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Recycling Plastics Game

In this activity, students learn about common types of household plastic waste and what it could be recycled into.

When we recycle plastic, each type of plastic may be turned into different products. Not all plastics are recyclable in every region. For example, in parts of MetroVancouver, we may not recycle plastic triangle symbols 3, 6, or 7.

The recycling process allows us to turn products at the end of use into a new product. It is amazing to think of what our household recycled products can turn into!

A few examples:

  • 10 soft drink bottles are required to make the fibrefill for one ski jacket.
  • 40 plastic bottles make one square metre of carpeting.
  • 40 soft drink bottles are needed to make the recycled fibrefill of one sleeping bag.

Recycling still comes at a cost. Although recycled products are better for the environment than new products, recycling uses energy and can create toxic by-products. This is why is important to:

  • refuse materials that are unnecessary.
  • rethink whether all of the recyclable materials we use are needed in the first place.
  • reduce the consumption of recyclable products.
  • move towards reusable products whenever possible.

Objectives

  • Describe the environmental importance of recycling.

  • Identify the impact that garbage/landfills have on the environment.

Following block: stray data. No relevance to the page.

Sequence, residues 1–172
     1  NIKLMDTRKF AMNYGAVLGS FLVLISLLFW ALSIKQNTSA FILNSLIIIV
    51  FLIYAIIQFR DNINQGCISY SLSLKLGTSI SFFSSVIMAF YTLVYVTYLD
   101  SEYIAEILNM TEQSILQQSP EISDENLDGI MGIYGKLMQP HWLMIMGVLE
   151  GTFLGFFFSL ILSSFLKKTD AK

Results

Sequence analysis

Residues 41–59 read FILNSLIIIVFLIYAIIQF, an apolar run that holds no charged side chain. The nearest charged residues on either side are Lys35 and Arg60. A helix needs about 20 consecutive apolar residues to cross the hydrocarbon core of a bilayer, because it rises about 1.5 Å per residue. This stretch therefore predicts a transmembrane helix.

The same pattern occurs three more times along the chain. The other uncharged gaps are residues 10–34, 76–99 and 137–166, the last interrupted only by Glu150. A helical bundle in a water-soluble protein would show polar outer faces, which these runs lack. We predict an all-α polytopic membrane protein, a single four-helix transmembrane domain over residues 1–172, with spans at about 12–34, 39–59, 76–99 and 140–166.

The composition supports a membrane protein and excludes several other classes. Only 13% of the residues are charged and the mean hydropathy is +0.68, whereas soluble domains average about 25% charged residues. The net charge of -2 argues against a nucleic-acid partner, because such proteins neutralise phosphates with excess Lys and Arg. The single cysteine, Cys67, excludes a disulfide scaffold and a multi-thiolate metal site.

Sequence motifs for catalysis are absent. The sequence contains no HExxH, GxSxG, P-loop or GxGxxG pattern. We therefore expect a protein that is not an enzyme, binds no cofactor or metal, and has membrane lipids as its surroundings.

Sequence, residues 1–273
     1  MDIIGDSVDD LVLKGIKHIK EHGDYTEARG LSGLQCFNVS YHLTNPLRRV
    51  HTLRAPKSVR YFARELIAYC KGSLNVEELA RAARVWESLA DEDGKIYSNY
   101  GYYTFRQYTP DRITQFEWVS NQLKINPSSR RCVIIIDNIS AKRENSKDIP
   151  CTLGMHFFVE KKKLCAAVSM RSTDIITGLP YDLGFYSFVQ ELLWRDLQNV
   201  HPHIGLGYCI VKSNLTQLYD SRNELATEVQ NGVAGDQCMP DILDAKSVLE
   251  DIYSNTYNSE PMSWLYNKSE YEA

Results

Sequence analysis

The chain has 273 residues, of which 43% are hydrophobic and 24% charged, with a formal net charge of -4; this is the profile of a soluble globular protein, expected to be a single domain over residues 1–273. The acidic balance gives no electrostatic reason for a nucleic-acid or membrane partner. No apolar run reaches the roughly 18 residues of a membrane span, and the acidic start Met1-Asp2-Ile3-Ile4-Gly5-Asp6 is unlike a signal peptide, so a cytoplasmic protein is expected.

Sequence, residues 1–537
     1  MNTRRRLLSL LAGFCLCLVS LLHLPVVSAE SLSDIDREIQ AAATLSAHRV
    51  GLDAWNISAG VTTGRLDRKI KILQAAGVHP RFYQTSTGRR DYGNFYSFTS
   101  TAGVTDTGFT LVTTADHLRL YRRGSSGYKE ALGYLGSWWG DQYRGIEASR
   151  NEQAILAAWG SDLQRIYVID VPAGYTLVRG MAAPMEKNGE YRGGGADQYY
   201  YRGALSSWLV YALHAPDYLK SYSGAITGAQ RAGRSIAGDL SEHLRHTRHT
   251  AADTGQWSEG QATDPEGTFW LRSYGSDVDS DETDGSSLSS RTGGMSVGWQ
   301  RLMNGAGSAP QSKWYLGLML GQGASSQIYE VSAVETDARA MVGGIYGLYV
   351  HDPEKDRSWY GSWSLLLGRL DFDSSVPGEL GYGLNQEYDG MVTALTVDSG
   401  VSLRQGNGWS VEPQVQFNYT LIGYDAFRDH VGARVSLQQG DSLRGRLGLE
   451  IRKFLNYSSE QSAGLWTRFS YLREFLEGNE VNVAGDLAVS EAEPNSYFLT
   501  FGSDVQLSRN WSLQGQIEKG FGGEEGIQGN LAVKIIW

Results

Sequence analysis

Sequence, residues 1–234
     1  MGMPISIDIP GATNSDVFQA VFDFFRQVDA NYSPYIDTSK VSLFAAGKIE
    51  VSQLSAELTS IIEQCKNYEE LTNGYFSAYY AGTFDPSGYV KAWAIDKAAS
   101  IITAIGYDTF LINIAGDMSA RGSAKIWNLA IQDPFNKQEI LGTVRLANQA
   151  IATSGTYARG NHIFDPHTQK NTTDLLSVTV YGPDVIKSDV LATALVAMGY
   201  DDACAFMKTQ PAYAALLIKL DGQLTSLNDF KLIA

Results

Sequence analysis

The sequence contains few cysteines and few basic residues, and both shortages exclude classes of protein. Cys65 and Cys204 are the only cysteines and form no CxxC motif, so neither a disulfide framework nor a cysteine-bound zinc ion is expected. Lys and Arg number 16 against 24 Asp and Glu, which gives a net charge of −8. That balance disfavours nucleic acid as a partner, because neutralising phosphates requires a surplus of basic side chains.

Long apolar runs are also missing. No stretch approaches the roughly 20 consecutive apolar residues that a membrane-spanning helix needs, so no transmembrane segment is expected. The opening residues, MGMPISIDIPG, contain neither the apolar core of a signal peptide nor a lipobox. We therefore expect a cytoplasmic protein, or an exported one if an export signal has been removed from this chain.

• Identify recyclable materials, and sort household recycling.

Materials

Key Questions

  • What does the number in the recycle symbol mean?
  • Which of these items can be recycled in your area?
  • If we kept recyclables in the trash, what happens to them? What happens if we recycle them?
  • What are the other objects you can find around the classroom or around your house that are made of plastic? What do you think they can be recycled into?
  • Are there plastic items that cannot be recycled? What happens to them?

What To Do

Set Up

  1. Place 6 hula hoops on the floor in the centre of the class (or open space).
  2. Put a symbol card in the middle of each hula hoop.
  3. Hang item cards, visibly at the front of the room.
  4. Hand out a plastic item to each student.

Instructions

  1. Hand out a plastic item to each student.
  2. Ask each student to find the numbered symbol stamped into the plastic.
  3. Once they have found the numbered symbols on their plastic items, they must run or walk to the appropriate symbol card.
  4. Each group at the symbol cards should examine their plastic items and decide which product their type of plastic could be turned into.
  5. Get a representative from each group to run or walk to the item card that represents the product their plastic can become.
  6. Once each group has selected an item card, they can flip them over to reveal the code and see if they guessed right. Those who guessed right can sit down.
  7. Those who did not guess right should trade item cards until they find the correct one for their type of plastic.
  8. Get the students to explain to the rest of the class what their plastic will be recycled into.

Extensions

  • Research the plastic islands floating in the ocean. Discuss how we can avoid this fate for our oceans.
  • Rethink your waste. Think of the ways plastic items could be eliminated altogether from your life. How do we reduce their production? How do we reuse them?
  • Research where your local recycling depots send their recyclable materials. How far do these products go? What are they used for?
  • Create posters for your school on the importance of recycling plastics.

Other Resources

MetroVancouver | Single Use Items

Recycle BC | What Can I Recycle?

BC Green Games